The fourth picture is the same structure, but from the side. In this one, I downplayed the clouds because I wanted the focus to become the rough texture of the siding of the barn. I love the rough grain of the wood and wanted that to dominate this particular photograph.

The last one is an old hay barn located near the large stables and barn. I was going for the rough texture and age of the wood siding of this hay barn. I love the depth of this shot as you can see through the entire barn and I was lucky enough to get it with an empty hay wagon sitting inside. Thoughts?

I invite you to visit my Black and White Photography 1 Gallery to enjoy these prints and many more.

Please visit my main gallery: TheWallGallery (All domestic orders over $60.00 – free shipping!)

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“The Barn and the Water Pump” The Art Print of the Week

“The Barn and the Water Pump” is from my Architecture Gallery.  The setting is a barn in the Amana Colonies, Iowa during mid winter. The barn itself is very large with stables just to the left of this viewpoint. I chose this particular shot because it highlights the weathered look of the building and the subtleness of an old water pump in the foreground of the scene. I Love the water pump, it just seemed to make the picture. I tried a variety of painting techniques, but for the look I wanted settled on the watercolor style. It adds softness, yet highlights the rustic look.     Enjoy!

Source: Architecture Gallery

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The “P” Barn

From a photo shoot I did last February around the Amana Colonies in Iowa, I have added the attached art print to my Landscape Oil Gallery.  I found this interesting barn (I truly do not know what the “P” is for).  The barn takes on an interesting element when we see it done in a Fauvism style of oil painting. It creates a more abstract image.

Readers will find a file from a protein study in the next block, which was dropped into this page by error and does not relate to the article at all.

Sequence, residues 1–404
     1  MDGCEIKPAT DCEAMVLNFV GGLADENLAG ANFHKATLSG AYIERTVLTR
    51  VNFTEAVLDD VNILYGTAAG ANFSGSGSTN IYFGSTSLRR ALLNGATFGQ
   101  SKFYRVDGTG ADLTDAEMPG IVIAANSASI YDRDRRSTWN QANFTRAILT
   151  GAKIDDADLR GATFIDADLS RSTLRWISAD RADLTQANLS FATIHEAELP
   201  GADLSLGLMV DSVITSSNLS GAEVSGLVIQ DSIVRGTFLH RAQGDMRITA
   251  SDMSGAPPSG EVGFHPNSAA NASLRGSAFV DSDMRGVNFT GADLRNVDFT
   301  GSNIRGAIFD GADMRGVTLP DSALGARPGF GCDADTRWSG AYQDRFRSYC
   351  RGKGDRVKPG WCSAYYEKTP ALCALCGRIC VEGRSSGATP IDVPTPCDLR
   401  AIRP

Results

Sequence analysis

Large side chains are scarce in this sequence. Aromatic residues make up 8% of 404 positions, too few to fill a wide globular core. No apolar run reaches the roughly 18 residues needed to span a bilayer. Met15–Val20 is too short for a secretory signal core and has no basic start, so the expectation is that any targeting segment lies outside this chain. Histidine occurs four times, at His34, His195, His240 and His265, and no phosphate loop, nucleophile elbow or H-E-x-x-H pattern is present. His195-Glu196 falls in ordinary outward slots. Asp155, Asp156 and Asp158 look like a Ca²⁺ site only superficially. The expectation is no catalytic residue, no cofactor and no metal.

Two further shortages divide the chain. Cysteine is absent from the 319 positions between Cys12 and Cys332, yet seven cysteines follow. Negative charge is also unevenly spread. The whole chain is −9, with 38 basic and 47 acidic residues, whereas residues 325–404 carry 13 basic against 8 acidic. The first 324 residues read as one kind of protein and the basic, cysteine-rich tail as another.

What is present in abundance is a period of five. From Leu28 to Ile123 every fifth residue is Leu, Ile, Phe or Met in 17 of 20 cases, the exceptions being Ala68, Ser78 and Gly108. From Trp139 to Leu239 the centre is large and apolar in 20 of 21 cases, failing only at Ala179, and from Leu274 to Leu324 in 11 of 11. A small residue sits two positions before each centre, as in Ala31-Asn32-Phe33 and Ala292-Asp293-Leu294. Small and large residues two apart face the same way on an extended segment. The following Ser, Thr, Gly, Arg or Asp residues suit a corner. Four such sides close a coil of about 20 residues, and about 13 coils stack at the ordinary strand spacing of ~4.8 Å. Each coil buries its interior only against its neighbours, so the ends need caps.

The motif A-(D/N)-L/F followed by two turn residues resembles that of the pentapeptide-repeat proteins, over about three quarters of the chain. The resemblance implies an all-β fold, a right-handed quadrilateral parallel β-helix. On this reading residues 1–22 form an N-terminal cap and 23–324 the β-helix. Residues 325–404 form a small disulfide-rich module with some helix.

Below is the original photograph inspiring the painting.

Original Photograph

Original Photograph

Thoughts? Comments? Thanks!

This particular art print came from my Landscape Oil Gallery.   Follow my work on my Facebook page – TheWallGallery by Kirt Tisdale. (Page likes are always appreciated!) Thanks!

Barns in Gothic Oil

While I am starting to work on my “covered bridges shoot“, I thought I would share some updates I just uploaded to my gallery from my “barn shoot“.  I have 5 prints that I did in a gothic oil style painting. Again, this photo shoot was done in mid-February around the Amana Colonies in Iowa. Using a gothic oil style technique creates an old world style in presentation and coloring. Of all of the photos I shot that day, I thought that only these worked in that venue. Logic was telling me that “old barns”…”old world look”…perfect fit, but in actuality not the case. Most of the scenes just didn’t look right and were better suited for watercolors. With all of that said, here are the five that I thought the subject matter presentation was heightened in gothic oil style painting.

The Farm

The Farm

Old Hay Cart

Old Hay Cart

Abandoned Wagon Wheel

Abandoned Wagon Wheel

Winter Woods

The Barn

The Barn

Thoughts, opinions and feedback are always welcome. These prints can be found on my main website in the Landscape Oil Gallery 1. Thanks!